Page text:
Ford Mustang

    Jim Farley, Ford's European president, tells presenter Simon Jack on Today that he hopes Britain does not leave the European Union. One in three engines made by the company comes from the UK, which he described as the "centrepiece" of its global enterprise. Asked about the Russian market, Farley said Ford believed in it in the long term but admitted that some short-term adjustments were required because of the volatile economy.

    08:14: Taylor Wimpey results

    If you're a house builder and you're not making piles of money, then something is very wrong. Fortunately for Taylor Wimpey that is not the case. Annual pre-tax profits are up two thirds to £450m before one-off deductions as 12,454 homes were completed across the UK - 758 more than in 2013 - with an 11.5% rise in average selling price to £213,000.

    07:56: Barclays results

    While Mr Jenkins takes his first annual bonus with Barclays, the overall 2014 bonus pool for the bank is down £520m to £1.86bn. Most of the total - £1.05bn - goes to the investment bank. Its capital ratio, a measure of strength against unexpected losses, is up to 10.3% from 9.1%.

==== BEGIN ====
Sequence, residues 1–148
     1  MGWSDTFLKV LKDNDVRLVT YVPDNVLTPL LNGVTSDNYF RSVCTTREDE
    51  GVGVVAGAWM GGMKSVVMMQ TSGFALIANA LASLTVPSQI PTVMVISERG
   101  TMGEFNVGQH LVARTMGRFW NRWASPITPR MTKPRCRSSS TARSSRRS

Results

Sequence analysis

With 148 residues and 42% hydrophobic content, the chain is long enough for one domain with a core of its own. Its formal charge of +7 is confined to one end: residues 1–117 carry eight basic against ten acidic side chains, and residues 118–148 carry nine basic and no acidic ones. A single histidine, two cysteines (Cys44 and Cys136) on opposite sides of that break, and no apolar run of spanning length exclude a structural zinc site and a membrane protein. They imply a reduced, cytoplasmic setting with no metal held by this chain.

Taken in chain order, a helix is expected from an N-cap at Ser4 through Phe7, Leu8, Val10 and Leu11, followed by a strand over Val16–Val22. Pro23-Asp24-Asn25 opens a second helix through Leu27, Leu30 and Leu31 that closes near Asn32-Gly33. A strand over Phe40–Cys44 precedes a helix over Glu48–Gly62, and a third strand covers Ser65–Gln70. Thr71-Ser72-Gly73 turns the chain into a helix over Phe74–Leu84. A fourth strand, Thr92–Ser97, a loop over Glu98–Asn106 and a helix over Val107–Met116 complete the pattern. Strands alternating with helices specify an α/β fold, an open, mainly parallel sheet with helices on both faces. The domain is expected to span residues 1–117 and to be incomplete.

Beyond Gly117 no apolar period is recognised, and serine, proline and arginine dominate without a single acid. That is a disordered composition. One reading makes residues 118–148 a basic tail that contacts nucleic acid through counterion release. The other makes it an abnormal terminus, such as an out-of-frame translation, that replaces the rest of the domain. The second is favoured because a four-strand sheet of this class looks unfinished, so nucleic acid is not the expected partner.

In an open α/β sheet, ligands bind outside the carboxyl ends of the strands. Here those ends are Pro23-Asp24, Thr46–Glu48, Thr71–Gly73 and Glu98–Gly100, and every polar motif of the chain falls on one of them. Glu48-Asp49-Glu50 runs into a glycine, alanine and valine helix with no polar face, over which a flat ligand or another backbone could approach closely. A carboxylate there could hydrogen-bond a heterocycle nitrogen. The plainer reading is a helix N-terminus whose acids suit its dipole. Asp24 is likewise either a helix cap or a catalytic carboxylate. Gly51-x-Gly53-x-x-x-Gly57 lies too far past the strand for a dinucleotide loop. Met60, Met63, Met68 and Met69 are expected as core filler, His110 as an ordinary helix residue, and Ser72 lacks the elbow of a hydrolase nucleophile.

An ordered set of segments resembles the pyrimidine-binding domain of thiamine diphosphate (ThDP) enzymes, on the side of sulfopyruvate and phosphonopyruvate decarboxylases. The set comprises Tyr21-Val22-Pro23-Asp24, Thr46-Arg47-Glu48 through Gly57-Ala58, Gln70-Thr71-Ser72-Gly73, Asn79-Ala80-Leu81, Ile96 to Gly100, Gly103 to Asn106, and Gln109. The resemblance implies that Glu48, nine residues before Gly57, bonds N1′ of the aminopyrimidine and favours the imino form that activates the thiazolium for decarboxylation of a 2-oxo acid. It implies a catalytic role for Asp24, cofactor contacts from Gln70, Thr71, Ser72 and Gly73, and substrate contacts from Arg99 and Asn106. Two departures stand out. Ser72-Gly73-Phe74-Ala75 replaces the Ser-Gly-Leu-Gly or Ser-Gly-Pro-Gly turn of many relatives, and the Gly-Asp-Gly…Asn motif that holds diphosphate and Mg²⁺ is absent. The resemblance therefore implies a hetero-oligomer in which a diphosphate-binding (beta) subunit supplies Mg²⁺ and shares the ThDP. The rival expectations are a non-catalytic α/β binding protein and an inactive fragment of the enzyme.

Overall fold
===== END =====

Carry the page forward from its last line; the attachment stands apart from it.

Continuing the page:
07:44: Barclays results BBC Radio 4

    Barclays chief Antony Jenkins is on Today. The bank is the healthiest it has been since the financial crisis, he says. Changing culture at the bank takes a long time, Mr Jenkins adds, but the "vast majority" of his 130,000 bankers "want to do the right thing". He is taking a bonus of £1.1m after the "huge amount of progress" the bank has made. Asked about the topic du jour, Mr Jenkins says he pays all his tax in the UK and as a US green card holder.

    07:37: Barclays results

    Barclays wrote down the value of its education, social housing and local authority loan portfolio by £935m. Last year the portfolio was valued at just less than £16bn, but at that time, the lender reclassified the loans as "level 3" assets. That's City-speak for loans you cannot value easily because they don't sell very often.

    07:24: Direct Line results
    Direct Line website